Defence workers have been left “numb” at savage job cuts which they fear could lead to Lancashire losing generations of jet-building talent.
Staff at BAE Systems were yesterday told that more than 1,400 jobs are to go at the company’s factories at Warton and Samlesbury, near Preston, and satellite offices in Preston.
Trade union officials warned the latest cuts will “rip the heart” out of communities around both plants and will “fight tooth and nail” for jobs.
Talks will start between unions and management tomorrow and see unions calling for more of the company’s senior executives to take the hit.
The cuts would see a quarter of manufacturing workers on both sites axed.
Phil Entwistle, convenor for the Unite union which represents the manual workers, said: “We are going to lose the ability to build an aircraft from cradle to grave and leave this country reliant on others, it will destroy Lancashire and rip the heart out of Samlesbury and Warton.
“People are shocked and numb about it, they are asking, ‘why are they hitting us again?’
“It is the manual population which has born the brunt of four redundancies in two years.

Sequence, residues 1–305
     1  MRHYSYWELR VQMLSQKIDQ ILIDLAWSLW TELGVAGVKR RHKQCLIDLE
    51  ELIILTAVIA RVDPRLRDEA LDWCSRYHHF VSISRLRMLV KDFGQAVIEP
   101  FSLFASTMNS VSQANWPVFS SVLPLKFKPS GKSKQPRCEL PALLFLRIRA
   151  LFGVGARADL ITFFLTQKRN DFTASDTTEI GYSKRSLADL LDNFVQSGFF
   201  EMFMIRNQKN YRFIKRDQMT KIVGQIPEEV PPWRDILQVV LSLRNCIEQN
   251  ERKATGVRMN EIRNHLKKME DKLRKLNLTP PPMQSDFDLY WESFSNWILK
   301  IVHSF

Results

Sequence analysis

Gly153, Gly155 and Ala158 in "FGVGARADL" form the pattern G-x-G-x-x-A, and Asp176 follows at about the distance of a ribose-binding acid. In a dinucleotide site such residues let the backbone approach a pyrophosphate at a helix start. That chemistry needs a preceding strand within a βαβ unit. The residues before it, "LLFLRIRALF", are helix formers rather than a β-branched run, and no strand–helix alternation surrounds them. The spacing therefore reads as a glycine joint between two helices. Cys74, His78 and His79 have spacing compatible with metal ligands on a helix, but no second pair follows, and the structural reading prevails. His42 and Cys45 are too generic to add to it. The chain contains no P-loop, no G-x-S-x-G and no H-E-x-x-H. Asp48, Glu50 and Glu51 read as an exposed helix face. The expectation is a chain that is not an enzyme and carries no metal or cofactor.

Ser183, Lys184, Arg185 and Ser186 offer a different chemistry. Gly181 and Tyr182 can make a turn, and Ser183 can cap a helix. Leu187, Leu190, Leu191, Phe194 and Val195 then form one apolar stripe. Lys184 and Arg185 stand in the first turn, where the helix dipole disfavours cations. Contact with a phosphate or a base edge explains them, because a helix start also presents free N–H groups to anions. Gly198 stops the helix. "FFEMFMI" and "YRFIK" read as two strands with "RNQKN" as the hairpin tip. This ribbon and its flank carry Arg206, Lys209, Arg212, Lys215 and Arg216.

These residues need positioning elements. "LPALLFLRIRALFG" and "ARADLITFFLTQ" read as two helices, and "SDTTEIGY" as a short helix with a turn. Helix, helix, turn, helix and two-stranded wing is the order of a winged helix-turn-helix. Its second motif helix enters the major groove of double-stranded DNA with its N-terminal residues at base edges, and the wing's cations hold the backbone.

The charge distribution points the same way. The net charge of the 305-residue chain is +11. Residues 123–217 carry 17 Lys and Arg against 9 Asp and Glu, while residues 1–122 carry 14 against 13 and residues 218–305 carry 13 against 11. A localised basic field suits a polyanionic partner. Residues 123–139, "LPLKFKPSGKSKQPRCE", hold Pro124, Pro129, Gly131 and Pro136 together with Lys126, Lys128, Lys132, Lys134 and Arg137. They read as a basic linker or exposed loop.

“We are running out of numbers of people who want to go and sub-contract work we can bring back, so we are running out of options to avoid compulsory redundancies.”
It will see 843 jobs go at Warton and the Preston offices with 565 more at Samlesbury. Manual employee John Wilson, who has been with the firm for five years, said: “There were lads coming in from the briefing shell-shocked, everyone is numb. We knew it was coming but did not think it would be this many.”
Colleague Alan Smith, who lives in Samlesbury, said: “BAE is this village, if they keep taking people out, it is going to filter through, everyone will feel it.”
Another worker said: “People are as angry about how this has come out. We read about it on Sunday and the company has only told us now.”
A member of fitting staff said: “It is the manual staff that is taking it again, we are the people that make the products that make the money.”
Employees have spoken about strike action.
Business Secretary Vince Cable said: “We are in touch with the company, local authorities and local enterprise partnerships to make sure that everything possible is done to help those affected.”
Labour party leader Ed Miliband said BAE workers had been “sold down the river” by the coalition.
BAE Systems chief executive Ian King said yesterday the Lancashire job losses were a result of changes to its flagship Eurofighter Typhoon and F-35 Lightning II jet projects.
He said: “To ensure we remain competitive, in the UK and internationally, we need to reduce the overall costs of our businesses in-line with our reduced workload. The proposals aim to put the business into the right shape to address the challenges we face.”